28, 2017, Jersey City, NJ – Hudson County Community College (HCCC) Department
of Cultural Affairs will celebrate Women’s History Month with an energy-charged
exhibition titled, “Quantum Overdrive!”
Opening festivities for the exhibition, which may be viewed through
April 19, will take place on Friday, March 3 and will include:
Talk from 12 p.m. to 2 p.m. with Fred Fleisher – who is also a Hudson County
Community College professor – detailing the concept and inspiration for the
Social Media Challenge, from 2 p.m. to 3 p.m., led by HCCC student and founder
of #BlackHMC movement Nevin Perkins, who will explain this new endeavor for
Women’s History Month; and
Murphy: Live Painting, from 3 p.m. to 7 p.m. The artist encourages the public
to provide women’s black clothing that can be placed on a hanger (shirts,
blouses, skirts, dresses). Ms. Murphy will paint the articles in protest of the
global backlash against women.
exhibition and events will take place in the College’s
J. Dineen III and Dennis C. Hull Gallery, which is located on the top floor of
the HCCC Library at 71 Sip Avenue in Jersey City (just across from the PATH
Transportation Center). All are open to the public, and there is no charge for
Fleisher equates the bonds of matter and energy at the quantum level to a
universal connection that exists in all artistic work. For the exhibition, he
chose works that embody the artists’ ability to “utilize maximum potential of
the engine so as to get the most out of that fuel” in other words, their
“Overdrive.” It is coincidental that the works are all by women, and those
pieces featured represent a wide range of materials, energies and personal
The 11 artists
juxtaposes materials such as vinyl and denim with photographs.
, who utilizes “jazz crochet” in her HOME
& BIOME series, which explores how everything is in constant formation
and the importance of acknowledging our shared physical climate.
who produced paintings and digital
collages that combine her memories of the landscape and sea of her native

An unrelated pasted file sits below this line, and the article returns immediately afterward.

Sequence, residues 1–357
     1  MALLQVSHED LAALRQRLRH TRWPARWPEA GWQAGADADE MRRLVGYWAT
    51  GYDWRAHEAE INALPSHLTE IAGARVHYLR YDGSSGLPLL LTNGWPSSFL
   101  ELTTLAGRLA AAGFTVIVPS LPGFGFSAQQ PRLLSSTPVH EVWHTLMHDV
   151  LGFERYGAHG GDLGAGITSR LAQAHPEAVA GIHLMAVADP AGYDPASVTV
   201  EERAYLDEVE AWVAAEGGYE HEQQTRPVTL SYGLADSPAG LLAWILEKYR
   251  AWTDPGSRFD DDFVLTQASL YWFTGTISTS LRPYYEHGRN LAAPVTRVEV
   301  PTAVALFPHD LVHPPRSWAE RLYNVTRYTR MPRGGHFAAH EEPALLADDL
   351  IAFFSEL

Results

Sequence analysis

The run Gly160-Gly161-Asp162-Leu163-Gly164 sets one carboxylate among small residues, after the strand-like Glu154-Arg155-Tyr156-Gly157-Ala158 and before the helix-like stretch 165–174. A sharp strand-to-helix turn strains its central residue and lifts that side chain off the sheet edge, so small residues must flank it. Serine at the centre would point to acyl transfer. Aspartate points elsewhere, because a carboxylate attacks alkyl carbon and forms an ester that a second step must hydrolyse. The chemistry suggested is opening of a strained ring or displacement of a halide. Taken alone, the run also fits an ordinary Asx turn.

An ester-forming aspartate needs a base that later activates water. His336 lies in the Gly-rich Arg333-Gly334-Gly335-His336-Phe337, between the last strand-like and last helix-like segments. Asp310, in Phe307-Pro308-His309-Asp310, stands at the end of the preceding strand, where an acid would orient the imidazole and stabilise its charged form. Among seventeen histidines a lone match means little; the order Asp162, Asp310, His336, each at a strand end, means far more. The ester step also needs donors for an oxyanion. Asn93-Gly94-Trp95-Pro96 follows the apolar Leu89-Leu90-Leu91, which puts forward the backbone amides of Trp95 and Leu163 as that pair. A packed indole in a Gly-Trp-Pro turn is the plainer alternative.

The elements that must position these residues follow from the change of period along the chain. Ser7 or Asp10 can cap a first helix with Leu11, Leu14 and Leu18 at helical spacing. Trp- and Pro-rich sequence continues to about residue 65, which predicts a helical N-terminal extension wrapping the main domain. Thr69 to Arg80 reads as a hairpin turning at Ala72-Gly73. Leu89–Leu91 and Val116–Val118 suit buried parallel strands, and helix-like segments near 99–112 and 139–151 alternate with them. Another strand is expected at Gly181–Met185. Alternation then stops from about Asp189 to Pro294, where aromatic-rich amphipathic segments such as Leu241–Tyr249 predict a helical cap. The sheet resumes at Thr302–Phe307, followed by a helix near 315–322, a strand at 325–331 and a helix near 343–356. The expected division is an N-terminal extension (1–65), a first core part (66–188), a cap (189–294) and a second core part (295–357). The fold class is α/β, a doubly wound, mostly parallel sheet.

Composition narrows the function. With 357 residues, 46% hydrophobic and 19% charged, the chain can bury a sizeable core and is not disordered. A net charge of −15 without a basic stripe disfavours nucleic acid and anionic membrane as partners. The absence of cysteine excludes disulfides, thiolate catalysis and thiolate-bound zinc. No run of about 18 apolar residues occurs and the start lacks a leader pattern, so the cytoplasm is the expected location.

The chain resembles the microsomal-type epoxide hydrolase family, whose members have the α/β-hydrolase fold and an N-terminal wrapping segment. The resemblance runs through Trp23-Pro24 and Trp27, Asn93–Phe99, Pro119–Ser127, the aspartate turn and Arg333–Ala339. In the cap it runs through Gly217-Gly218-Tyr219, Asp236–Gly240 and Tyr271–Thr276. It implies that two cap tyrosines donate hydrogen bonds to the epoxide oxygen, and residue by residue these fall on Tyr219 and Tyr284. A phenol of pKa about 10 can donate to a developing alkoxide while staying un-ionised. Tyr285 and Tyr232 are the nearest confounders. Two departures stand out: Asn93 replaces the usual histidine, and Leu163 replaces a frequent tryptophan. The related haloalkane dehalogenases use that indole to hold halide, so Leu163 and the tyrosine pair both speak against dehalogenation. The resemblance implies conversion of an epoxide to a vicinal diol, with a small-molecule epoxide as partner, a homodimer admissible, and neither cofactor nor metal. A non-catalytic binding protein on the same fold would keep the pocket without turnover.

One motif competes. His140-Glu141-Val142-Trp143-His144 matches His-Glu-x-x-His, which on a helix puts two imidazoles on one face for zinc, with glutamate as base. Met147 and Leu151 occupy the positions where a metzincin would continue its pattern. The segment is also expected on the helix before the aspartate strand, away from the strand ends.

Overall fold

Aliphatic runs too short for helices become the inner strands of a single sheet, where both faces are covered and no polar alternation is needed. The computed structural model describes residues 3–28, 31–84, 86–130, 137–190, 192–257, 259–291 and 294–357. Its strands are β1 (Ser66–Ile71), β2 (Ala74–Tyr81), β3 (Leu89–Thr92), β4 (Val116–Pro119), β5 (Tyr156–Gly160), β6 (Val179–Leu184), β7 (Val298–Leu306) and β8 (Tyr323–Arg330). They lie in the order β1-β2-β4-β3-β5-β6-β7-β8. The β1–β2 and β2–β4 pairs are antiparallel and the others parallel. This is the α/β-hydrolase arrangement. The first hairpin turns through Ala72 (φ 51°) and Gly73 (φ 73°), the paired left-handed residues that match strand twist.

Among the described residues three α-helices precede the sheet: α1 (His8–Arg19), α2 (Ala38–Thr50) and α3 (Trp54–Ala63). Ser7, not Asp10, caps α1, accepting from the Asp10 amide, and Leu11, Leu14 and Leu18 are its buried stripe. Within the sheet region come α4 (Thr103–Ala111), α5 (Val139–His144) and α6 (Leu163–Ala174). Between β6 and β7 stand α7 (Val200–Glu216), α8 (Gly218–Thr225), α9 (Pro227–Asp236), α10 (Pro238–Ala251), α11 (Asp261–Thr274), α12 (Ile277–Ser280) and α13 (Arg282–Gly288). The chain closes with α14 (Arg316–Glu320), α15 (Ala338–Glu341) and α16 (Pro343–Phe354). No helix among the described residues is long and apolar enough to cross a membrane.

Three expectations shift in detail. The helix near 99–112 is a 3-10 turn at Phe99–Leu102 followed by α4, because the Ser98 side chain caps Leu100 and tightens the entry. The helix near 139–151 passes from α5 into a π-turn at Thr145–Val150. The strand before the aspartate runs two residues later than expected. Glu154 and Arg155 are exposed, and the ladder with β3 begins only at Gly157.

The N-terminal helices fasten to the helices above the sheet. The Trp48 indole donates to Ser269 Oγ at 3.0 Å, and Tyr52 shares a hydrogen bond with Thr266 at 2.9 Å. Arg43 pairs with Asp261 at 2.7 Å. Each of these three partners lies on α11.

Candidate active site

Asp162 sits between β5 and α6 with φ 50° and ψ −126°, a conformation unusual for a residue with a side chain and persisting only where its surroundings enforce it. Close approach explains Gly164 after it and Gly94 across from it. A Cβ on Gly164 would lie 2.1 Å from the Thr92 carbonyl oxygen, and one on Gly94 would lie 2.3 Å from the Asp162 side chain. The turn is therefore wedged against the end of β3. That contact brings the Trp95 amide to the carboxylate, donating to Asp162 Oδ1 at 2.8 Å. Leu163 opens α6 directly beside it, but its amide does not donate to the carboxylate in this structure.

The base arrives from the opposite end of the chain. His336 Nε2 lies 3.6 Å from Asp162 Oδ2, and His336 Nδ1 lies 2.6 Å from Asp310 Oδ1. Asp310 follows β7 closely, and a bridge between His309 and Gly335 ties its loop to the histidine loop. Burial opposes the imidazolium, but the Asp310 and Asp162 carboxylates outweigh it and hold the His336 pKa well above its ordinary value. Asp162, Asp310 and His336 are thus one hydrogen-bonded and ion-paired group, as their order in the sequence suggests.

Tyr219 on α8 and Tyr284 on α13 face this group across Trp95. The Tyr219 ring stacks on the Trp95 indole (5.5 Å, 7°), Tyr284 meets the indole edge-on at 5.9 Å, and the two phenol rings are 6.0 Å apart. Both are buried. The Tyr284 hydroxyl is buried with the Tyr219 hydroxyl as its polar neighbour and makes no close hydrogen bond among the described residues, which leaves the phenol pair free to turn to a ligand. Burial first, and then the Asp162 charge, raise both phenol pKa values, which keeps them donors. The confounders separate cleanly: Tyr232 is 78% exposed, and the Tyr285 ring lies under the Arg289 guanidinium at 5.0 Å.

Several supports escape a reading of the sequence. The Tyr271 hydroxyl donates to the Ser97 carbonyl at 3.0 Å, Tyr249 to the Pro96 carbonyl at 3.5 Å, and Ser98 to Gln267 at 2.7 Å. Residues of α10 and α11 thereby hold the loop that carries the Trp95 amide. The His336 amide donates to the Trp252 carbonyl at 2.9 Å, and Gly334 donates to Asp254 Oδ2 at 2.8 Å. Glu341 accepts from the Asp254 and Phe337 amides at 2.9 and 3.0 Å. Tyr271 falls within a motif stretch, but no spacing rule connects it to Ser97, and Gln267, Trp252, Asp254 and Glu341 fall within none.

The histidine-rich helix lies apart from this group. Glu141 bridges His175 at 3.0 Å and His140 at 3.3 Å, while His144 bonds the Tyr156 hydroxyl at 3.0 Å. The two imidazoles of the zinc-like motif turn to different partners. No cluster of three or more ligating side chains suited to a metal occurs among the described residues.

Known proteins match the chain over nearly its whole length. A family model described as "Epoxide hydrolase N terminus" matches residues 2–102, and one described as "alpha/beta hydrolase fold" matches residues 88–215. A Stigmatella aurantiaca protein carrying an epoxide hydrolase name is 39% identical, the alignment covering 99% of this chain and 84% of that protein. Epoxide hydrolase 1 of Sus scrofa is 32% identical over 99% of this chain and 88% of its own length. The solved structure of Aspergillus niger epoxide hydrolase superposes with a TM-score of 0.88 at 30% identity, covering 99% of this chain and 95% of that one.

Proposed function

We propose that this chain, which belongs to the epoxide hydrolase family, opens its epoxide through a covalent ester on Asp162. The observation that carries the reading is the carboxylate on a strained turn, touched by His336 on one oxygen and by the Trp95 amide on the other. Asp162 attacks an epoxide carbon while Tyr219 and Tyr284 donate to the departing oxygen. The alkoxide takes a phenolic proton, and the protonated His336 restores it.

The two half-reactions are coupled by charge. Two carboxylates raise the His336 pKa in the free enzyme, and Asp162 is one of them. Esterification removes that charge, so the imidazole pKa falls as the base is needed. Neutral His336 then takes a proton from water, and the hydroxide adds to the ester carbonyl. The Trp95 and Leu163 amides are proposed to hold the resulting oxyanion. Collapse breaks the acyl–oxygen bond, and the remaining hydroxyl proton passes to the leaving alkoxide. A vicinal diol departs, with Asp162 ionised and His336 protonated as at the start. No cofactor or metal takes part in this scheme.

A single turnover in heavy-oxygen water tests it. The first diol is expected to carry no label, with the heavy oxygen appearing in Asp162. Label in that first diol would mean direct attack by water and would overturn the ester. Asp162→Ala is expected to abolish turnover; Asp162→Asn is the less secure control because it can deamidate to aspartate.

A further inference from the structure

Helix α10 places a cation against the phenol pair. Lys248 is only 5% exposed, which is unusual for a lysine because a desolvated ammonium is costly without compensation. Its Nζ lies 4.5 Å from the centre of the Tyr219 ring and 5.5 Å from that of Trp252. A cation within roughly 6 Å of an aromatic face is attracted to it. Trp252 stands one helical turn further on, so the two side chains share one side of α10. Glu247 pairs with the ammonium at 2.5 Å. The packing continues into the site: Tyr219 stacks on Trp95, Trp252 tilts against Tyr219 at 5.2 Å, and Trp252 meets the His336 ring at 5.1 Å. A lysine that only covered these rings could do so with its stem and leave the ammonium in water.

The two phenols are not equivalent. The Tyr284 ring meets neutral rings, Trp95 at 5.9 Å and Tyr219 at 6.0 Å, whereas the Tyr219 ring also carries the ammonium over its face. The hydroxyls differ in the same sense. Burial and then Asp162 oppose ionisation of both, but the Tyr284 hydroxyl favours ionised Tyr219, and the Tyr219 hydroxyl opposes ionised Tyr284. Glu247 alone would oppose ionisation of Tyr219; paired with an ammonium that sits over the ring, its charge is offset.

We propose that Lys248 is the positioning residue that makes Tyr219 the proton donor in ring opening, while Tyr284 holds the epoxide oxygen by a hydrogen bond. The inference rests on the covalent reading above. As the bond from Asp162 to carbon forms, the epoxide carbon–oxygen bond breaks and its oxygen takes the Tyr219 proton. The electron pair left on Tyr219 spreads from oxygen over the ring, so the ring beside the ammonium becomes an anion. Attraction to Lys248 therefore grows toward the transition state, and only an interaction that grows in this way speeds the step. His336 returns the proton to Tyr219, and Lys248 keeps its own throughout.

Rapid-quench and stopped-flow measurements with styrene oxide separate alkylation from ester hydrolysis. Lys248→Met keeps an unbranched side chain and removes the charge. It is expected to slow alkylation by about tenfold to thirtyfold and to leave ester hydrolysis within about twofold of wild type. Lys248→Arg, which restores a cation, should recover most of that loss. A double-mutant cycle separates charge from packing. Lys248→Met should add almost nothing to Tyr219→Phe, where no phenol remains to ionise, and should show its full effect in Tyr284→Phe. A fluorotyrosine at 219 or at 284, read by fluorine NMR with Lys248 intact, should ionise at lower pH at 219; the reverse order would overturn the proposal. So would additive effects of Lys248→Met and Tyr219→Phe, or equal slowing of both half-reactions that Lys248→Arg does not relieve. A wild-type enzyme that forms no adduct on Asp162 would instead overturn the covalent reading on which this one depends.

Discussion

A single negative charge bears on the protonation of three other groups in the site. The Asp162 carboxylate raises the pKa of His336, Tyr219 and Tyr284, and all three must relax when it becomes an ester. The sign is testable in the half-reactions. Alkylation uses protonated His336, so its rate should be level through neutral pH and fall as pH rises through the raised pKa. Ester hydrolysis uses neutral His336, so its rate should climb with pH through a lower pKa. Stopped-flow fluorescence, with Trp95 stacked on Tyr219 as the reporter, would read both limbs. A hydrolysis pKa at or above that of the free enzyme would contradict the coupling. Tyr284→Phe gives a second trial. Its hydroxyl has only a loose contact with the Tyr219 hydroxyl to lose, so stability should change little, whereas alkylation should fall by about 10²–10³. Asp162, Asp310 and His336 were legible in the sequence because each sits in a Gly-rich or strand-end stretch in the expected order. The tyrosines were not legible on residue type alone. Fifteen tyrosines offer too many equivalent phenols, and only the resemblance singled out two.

country of Cyprus with imagined and synthetic forms.
the creator of photo-based
images that portray a series of contorted nude body parts juxtaposed with
ordinary yet highly stylized props.
military portraits and 3D printed
apes are characters from her animation, good
enough for the people, based on Emma Goldman’s speech, Patriotism: A Menace to Liberty, first published in 1917.
has made a table of wooden
“paintings” – works that question their own structure, stability – and are
paired with a large, fragmented work that flirts with, but ultimately resists,
presents a composition
of animated objects that play off each other in a humorous yet disconcerting
manner, with goofy smiles and distressed eyeballs creating different forms of
HCCC Professor of Fine Arts, conveys
the magical experience of looking at intricate and complicated form in her
paintings which utilize interwoven patterns and layered images.
explores representational versus
abstract, direct perceptual experience versus the imaged, and authentic versus performed
selves, with attention to the constructs of the “natural world.”
by the call-out heard at protests for women’s rights, created My Body, My Choice to reflect the
elegant yet strong female body.
who machine-knits fiber installations and embroiders on photos of urban sprawl,
has been inspired by her immigrant seamstress grandmother, who sewed American
“Quantum Overdrive!” will share space with the exhibition,
“A World Where We Belong,” which honors the memory of LGBTQIA advocate Georgia
in the College’s Information Technology Services Department as an Academic Lab
Manager for 25 years, and was an active advisor for the College’s Gay-Straight
Alliance. Information on that exhibition is forthcoming.
The HCCC Benjamin J. Dineen, III and Dennis C. Hull Gallery
is open Monday through Saturday from 11 a.m. to 5 p.m., and on Tuesday from 11
a.m. to 8 p.m. (The Gallery is closed Sundays.)